For the past decade, Africa has been a key destination for Chinese Workers, following Mega Projects that Beijing has funded as part of the Belt & Road Initiative.
But in the past few years, thousands of Chinese workers have left Africa as Beijing goes slow in its lending or construction boom slows, a new analysis shows.
An estimated 62,600 Chinese contractors left Africa between 2015 and 2018, with the overall number declining from over 263,000 to roughly 201,000, the researchers found.
The study found “the volume of China’s loans is a key reason” for the decline in Chinese workers across the continent. The number of Chinese workers in Africa peaked in 2015, which was also when China signed the most contracts on the continent. Loans in 2018 dipped below numbers last seen in 2012.
The report by two consultancy firms, the global company Oxford China International Consultancy (OCIC) and Beijing-based Development Reimagined, was based on analysis of workers contracted on the continent by Chinese companies.
OCIC managing director Charlotte Baker said the figures did not necessarily mean the Chinese workers left Africa
“Many investors and factory workers will live for many years in African countries, and some construction workers decide to stay and switch visa status and may become, for instance, traders, shopkeepers,” Baker said.
She also said the researchers focused on official government data, which did not include informal migrants as well as students and government officials who would travel to Africa on different visas.
Africa has become a strategic centrepiece of Chinese foreign policy, with Beijing pouring nearly US$148 billion into the continent between 2000 and 2018, according to the China Africa Research Initiative at the Johns Hopkins University School of Advanced International Studies.
The total amount of money loaned to Africa from China dropped dramatically from its 2016 peak of US$29.4 billion to US$8.9 billion in 2018, mainly through a sharp fall in loans to Angola, which accounted for US$19.3 billion worth of loans in 2016, compared to US$80 million in 2018.
Angola also saw the number of Chinese workers drop from 44,106 in 2015 to 27,222 in 2018, according to the new analysis.
Chinese loans between 2015 and 2018 still tapered for the rest of Africa, but at a much more moderate rate.
The country with the largest amount of Chinese workers is Algeria, and its story exemplifies the trend seen across Africa
In the early 2000s, the Algerian government was attracted to the quick turnaround and efficiency of Chinese contractors, resulting in an influx of Chinese workers, according to Lina Benabdallah, an assistant professor of politics and international affairs at Wake Forest University in North Carolina in the US.
Recently, the projects had ended and “the money has dried up, and the government started spending less and less money on infrastructure building. This is what led to the decrease of Chinese construction workers in Algeria,” she said.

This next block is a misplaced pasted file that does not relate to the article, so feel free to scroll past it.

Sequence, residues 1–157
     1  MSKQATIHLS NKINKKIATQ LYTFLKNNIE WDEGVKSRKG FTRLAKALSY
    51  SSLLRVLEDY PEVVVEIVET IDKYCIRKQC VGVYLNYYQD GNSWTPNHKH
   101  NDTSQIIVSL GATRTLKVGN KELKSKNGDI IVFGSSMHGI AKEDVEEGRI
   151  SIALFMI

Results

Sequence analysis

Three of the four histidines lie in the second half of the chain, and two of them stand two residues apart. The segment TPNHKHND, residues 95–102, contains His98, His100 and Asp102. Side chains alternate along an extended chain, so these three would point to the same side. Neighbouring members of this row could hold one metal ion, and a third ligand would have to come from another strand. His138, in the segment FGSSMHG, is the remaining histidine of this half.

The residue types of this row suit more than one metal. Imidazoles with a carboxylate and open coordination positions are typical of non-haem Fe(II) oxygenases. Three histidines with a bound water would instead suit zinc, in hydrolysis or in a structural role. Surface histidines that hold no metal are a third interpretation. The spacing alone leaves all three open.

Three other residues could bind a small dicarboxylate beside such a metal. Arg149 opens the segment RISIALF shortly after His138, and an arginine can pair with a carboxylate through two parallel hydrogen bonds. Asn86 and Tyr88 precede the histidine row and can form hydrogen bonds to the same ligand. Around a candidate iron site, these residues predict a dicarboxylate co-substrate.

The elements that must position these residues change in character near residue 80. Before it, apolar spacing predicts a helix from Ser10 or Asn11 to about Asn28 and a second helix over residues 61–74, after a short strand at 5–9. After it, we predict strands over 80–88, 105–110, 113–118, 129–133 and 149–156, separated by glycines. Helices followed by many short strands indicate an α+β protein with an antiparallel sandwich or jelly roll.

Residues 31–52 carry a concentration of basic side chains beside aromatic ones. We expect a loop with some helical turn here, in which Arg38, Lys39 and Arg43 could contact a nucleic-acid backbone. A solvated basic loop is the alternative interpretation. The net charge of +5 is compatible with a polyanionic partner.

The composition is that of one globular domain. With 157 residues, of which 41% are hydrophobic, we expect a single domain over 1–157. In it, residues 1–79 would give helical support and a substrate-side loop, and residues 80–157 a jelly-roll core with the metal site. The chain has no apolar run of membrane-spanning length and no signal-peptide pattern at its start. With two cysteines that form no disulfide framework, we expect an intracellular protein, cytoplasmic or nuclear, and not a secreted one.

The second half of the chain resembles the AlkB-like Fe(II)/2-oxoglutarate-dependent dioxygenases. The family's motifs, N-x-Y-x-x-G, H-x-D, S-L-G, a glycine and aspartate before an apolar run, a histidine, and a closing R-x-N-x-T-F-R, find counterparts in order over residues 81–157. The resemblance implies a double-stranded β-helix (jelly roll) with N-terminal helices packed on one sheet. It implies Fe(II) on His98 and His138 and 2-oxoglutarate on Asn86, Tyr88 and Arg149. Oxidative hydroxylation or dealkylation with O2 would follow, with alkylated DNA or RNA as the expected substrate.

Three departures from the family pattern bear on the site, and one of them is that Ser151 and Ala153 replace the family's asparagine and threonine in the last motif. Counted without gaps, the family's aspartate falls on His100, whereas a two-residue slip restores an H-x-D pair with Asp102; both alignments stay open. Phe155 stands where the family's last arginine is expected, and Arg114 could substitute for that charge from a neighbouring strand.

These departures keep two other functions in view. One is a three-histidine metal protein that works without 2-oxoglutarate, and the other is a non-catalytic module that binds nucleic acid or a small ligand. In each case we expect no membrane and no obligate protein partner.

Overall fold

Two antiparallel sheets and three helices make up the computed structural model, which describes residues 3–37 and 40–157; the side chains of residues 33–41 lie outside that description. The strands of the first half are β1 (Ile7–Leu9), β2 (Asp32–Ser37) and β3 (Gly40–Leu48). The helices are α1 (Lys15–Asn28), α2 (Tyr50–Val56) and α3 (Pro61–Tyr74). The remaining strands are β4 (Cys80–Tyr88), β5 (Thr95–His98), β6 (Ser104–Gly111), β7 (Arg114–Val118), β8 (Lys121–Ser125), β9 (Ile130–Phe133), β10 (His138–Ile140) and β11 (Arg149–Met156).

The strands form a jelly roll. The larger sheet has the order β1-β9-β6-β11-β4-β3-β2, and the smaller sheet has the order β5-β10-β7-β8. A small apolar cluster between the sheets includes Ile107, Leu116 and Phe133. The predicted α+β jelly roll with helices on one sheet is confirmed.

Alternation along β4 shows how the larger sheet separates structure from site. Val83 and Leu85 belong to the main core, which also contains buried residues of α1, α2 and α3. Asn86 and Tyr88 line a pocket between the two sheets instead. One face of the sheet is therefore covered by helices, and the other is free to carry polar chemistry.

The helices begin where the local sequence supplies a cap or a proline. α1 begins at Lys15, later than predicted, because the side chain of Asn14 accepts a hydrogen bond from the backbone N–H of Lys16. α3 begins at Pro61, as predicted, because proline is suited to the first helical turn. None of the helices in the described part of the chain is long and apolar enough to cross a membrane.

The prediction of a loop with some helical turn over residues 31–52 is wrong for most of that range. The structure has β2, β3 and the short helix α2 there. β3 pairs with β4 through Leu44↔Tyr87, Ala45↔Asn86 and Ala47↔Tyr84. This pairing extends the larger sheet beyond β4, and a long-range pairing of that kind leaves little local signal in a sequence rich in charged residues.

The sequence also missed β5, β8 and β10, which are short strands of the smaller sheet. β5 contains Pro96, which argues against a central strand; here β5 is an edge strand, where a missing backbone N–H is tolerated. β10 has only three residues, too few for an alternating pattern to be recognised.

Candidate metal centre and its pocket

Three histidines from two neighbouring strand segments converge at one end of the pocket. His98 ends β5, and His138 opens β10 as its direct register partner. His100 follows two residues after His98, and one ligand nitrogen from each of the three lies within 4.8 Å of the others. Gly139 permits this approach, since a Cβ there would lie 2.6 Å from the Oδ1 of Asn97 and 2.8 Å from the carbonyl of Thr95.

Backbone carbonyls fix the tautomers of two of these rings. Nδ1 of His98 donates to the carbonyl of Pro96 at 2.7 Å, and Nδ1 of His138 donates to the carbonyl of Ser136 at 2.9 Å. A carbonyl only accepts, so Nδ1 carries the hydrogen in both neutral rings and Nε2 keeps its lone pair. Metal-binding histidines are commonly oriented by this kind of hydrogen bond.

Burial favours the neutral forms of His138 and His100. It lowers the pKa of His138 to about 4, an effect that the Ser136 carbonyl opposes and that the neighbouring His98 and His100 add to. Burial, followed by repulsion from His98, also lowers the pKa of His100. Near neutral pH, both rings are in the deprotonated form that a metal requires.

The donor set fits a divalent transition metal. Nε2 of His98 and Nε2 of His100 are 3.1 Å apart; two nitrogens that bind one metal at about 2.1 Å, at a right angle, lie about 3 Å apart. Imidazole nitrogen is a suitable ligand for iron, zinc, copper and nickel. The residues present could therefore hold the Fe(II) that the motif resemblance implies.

Algeria saw the number of Chinese workers drop from 91,000 in 2015 to 60,220 in 2018.
China’s lending programmes are also occasionally the cause of unrest because of a perception that the investments do not translate to jobs for locals. In 2016 a group of Kenyans stormed a construction site in protest over complaints that there were not enough jobs to go around. Fourteen Chinese people were wounded.
While Chinese contractors certainly bring their citizens with them to Africa, a 2019 study from School of Oriental and African Studies at the University of London found that in Ethiopia 90 per cent of jobs at Chinese firms went to locals. In Angola, the number was 75 per cent.
David Shinn, a professor at George Washington University’s Elliott School of International Affairs, said: “African governments have become more successful at negotiating contracts with China that restrict Chinese workers to a smaller percentage and grant African labour a larger percentage.”
The new study from the OCIC and Development Reimagined found that African governments that implemented strict policies for the hiring of locals brought in fewer Chinese workers per dollar of loans.
War and conflict also resulted in exoduses of Chinese workers in some places. Libya, for example, had 42,640 workers in 2010, but the numbers dropped sharply when a civil war broke out after the killing of Libyan leader Muammar Gaddafi in 2011. The analysis estimates that only 100 Chinese workers were in the country in 2018.
The other African nations with high numbers of Chinese workers include Nigeria, Kenya, Ethiopia, Zambia, the Democratic Republic of Congo and Uganda.
The data predates the coronavirus pandemic, which has amplified problems in the relationship between China and Africa. Zambia is on the verge of default on US$3 billion worth of Eurobonds because it is diverting money to fight the pandemic.
But creditors have been reluctant to bail the nation out because they worry that money will simply be transferred to China to pay its debt. China has been under pressure to suspend or cancel debt obligations from developing countries during the pandemic.